On his deathbed, Antonio Salieri deliriously confessed to poisoning Wolfgang Amadeus Mozart. Though Mozart actually died of rheumatic fever, the idea of a rivalry between the two composers has sparked the imagination of multiple artists over the ensuing centuries.
As part of "Mozart @ 250," a yearlong celebration of Mozart's life and work, the Pikes Peak Arts Council is presenting a staged reading of one artist's work Peter Shaffer's award-winning play, Amadeus.
Eve Tilley, president of the Pikes Peak Arts Council, will direct the reading, having led a full-scale production of Amadeus just over 10 years ago. If you're foreign to the idea of a staged reading, Tilley describes it as that point in the preparation for a play where "everyone knows their relationship to the other characters. They just haven't had to memorize the lines."
In addition to live music by a virtuoso string quartet, 13 watercolors by Tilley's late father will be projected on a screen behind the actors to indicate setting. Tilley says these will be the only frills.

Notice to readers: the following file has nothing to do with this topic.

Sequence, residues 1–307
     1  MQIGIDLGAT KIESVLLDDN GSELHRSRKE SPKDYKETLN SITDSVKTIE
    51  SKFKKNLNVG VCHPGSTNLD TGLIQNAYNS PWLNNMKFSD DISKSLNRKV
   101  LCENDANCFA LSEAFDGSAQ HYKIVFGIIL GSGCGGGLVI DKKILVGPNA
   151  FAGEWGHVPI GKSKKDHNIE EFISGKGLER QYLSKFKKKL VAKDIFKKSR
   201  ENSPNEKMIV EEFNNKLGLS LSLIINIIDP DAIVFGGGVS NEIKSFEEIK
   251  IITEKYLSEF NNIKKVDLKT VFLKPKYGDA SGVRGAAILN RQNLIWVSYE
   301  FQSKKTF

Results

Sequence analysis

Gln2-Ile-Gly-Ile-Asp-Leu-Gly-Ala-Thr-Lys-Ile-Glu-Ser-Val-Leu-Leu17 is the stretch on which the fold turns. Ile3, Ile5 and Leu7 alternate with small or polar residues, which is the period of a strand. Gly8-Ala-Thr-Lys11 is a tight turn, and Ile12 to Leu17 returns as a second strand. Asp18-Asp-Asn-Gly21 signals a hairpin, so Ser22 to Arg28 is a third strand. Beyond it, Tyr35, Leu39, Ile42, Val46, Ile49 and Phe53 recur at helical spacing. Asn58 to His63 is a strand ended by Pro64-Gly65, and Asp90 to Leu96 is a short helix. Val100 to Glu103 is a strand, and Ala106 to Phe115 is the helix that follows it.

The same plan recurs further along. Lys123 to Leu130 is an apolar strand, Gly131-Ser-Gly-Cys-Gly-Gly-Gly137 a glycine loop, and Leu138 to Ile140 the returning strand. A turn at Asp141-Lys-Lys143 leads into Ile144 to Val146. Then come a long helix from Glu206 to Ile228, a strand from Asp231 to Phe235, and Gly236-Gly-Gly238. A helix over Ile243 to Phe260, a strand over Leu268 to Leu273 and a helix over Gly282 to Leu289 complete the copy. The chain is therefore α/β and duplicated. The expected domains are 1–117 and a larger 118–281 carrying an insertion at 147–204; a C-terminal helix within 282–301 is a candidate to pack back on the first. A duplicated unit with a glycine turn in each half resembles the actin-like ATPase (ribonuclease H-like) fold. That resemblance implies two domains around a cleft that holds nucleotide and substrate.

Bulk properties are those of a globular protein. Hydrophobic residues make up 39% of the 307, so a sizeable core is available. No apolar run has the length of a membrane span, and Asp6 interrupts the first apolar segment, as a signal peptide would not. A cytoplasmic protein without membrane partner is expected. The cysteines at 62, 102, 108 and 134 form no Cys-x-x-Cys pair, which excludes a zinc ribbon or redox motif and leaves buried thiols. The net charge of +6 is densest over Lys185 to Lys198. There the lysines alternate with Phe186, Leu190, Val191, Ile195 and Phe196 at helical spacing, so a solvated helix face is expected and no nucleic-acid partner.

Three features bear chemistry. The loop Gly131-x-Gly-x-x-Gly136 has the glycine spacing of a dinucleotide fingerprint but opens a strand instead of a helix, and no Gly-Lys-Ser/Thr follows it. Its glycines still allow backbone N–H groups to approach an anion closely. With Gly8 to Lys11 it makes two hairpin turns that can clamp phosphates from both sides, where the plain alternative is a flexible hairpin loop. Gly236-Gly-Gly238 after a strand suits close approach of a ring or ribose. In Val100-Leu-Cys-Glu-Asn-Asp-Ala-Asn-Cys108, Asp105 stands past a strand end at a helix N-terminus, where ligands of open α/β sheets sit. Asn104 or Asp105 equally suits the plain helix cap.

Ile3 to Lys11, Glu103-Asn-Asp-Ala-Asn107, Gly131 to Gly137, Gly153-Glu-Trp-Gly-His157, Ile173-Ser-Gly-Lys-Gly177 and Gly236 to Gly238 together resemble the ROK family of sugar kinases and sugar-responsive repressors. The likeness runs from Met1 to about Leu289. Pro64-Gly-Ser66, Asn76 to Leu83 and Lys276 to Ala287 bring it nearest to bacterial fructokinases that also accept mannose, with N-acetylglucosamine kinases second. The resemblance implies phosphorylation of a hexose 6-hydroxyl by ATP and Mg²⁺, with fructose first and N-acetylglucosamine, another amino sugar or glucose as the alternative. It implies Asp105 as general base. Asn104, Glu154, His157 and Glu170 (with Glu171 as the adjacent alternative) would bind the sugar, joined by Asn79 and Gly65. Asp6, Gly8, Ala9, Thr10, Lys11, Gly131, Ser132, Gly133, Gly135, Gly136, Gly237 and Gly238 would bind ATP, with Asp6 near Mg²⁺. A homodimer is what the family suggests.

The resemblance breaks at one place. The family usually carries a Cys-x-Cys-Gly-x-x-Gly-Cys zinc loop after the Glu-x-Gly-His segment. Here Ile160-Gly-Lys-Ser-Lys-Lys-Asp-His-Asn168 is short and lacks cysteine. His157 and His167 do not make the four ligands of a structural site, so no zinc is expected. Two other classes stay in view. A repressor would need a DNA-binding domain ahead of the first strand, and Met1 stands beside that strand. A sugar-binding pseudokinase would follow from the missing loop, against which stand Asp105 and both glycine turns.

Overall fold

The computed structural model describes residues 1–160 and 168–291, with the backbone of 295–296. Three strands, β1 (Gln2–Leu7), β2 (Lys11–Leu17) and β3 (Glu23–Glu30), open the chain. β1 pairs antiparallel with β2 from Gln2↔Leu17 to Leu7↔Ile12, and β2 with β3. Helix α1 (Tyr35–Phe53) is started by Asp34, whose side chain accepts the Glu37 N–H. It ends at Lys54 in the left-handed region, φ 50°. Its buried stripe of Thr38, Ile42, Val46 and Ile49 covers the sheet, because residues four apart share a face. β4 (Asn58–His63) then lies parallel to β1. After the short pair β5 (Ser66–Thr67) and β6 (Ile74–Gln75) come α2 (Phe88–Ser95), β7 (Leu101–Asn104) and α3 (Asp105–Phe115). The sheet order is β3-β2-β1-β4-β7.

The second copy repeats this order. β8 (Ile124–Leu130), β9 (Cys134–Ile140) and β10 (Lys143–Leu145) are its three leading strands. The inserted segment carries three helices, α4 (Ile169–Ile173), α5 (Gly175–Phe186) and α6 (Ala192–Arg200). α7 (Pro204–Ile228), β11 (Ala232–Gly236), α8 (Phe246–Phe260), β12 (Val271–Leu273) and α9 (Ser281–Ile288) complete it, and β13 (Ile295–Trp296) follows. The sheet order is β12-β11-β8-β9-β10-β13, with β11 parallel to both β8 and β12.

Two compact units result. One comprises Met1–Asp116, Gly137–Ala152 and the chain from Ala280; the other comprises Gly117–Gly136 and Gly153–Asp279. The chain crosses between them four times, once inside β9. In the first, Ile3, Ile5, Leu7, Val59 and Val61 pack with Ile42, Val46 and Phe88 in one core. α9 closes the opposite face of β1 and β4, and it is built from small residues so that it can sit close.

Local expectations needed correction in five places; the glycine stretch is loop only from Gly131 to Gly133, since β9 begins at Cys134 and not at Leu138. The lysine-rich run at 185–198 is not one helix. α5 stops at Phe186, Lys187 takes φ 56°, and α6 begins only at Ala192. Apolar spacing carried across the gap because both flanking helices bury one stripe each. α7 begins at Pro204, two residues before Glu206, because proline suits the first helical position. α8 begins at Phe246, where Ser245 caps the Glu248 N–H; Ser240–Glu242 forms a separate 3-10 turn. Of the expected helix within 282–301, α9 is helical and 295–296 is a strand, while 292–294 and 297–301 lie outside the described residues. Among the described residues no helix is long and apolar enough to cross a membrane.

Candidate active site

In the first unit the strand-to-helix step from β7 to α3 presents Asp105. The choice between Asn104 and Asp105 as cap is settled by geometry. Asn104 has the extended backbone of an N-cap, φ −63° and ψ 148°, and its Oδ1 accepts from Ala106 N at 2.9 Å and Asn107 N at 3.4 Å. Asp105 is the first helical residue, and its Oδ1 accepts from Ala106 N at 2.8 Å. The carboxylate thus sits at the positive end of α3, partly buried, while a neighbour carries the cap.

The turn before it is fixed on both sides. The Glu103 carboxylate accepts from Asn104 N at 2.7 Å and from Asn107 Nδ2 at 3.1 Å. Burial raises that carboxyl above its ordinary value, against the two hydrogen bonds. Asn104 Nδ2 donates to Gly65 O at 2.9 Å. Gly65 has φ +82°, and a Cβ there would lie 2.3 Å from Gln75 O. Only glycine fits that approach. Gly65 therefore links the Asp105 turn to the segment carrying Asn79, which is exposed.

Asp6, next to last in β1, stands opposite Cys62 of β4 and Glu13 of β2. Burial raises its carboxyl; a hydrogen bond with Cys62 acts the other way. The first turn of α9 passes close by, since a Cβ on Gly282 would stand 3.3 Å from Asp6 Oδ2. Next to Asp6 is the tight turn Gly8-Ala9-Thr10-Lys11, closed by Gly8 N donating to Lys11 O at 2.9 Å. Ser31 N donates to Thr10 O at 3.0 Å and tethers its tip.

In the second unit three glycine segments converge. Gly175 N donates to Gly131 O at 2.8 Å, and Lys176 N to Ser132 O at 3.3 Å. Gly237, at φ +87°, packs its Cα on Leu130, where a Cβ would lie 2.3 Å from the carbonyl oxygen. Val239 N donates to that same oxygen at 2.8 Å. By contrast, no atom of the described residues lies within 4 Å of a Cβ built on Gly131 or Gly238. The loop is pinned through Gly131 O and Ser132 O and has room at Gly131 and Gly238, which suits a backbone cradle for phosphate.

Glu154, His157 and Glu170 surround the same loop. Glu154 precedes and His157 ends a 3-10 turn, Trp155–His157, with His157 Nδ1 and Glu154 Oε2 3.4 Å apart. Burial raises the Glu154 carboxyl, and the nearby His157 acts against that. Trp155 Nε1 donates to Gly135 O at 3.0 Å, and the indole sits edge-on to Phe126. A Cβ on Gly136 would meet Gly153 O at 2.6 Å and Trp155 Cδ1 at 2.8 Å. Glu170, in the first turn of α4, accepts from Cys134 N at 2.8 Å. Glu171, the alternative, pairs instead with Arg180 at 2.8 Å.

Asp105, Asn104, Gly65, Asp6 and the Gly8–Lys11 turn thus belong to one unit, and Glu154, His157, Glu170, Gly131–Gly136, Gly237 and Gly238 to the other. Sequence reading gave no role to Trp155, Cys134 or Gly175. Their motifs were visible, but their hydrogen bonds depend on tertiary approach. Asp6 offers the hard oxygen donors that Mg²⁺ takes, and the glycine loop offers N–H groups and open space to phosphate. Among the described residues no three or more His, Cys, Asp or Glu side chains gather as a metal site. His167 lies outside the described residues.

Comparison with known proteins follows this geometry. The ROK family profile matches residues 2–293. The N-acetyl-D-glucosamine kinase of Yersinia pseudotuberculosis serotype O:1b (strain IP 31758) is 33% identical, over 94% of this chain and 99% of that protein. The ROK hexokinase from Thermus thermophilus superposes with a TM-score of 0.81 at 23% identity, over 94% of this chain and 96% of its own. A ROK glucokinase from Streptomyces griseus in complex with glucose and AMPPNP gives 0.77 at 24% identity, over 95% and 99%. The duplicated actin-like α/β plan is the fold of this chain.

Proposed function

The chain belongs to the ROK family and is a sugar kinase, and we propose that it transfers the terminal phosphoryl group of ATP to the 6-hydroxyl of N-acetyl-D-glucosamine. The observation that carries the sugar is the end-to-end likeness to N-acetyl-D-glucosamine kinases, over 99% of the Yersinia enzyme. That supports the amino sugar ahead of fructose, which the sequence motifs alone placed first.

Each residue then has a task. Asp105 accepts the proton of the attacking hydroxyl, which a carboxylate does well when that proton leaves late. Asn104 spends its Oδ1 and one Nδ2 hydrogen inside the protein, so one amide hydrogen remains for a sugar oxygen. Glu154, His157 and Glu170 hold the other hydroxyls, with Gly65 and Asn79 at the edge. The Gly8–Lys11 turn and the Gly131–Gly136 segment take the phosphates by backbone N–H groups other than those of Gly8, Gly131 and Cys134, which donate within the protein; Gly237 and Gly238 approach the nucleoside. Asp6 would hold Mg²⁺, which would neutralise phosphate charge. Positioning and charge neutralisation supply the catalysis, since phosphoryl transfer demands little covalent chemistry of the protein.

"People will wear a suggestion of a costume here and there, but mostly they'll be in ordinary street clothes," she says. "There won't be any fancy furniture or sets."
If you've only seen the film version by Milos Forman, you've missed some of the deeper artistic truths Amadeus has to offer. In the play, "Mozart and Constanza [his wife] are real people, rather than the caricatures that are portrayed in the movie," Tilley says. "You have to have sympathy for Mozart for there to be [any emotion] at all. ... There are some parts between Mozart and Constanza that will just break your heart, and some that will even make you laugh."
Staged reading of Peter Shaffer's Amadeus, sponsored by Manitou Art Theater in collaboration with Pikes Peak Arts Council
Venue 515, Business of Art Center, 515 Manitou Ave.
Friday, Sept. 15, and Saturday, Sept. 16, 8 p.m.; Sunday, Sept. 17, 2 p.m.
Tickets: $20, available in advance at 685-1861, 685-4729 or themat.org. Also available at the door.
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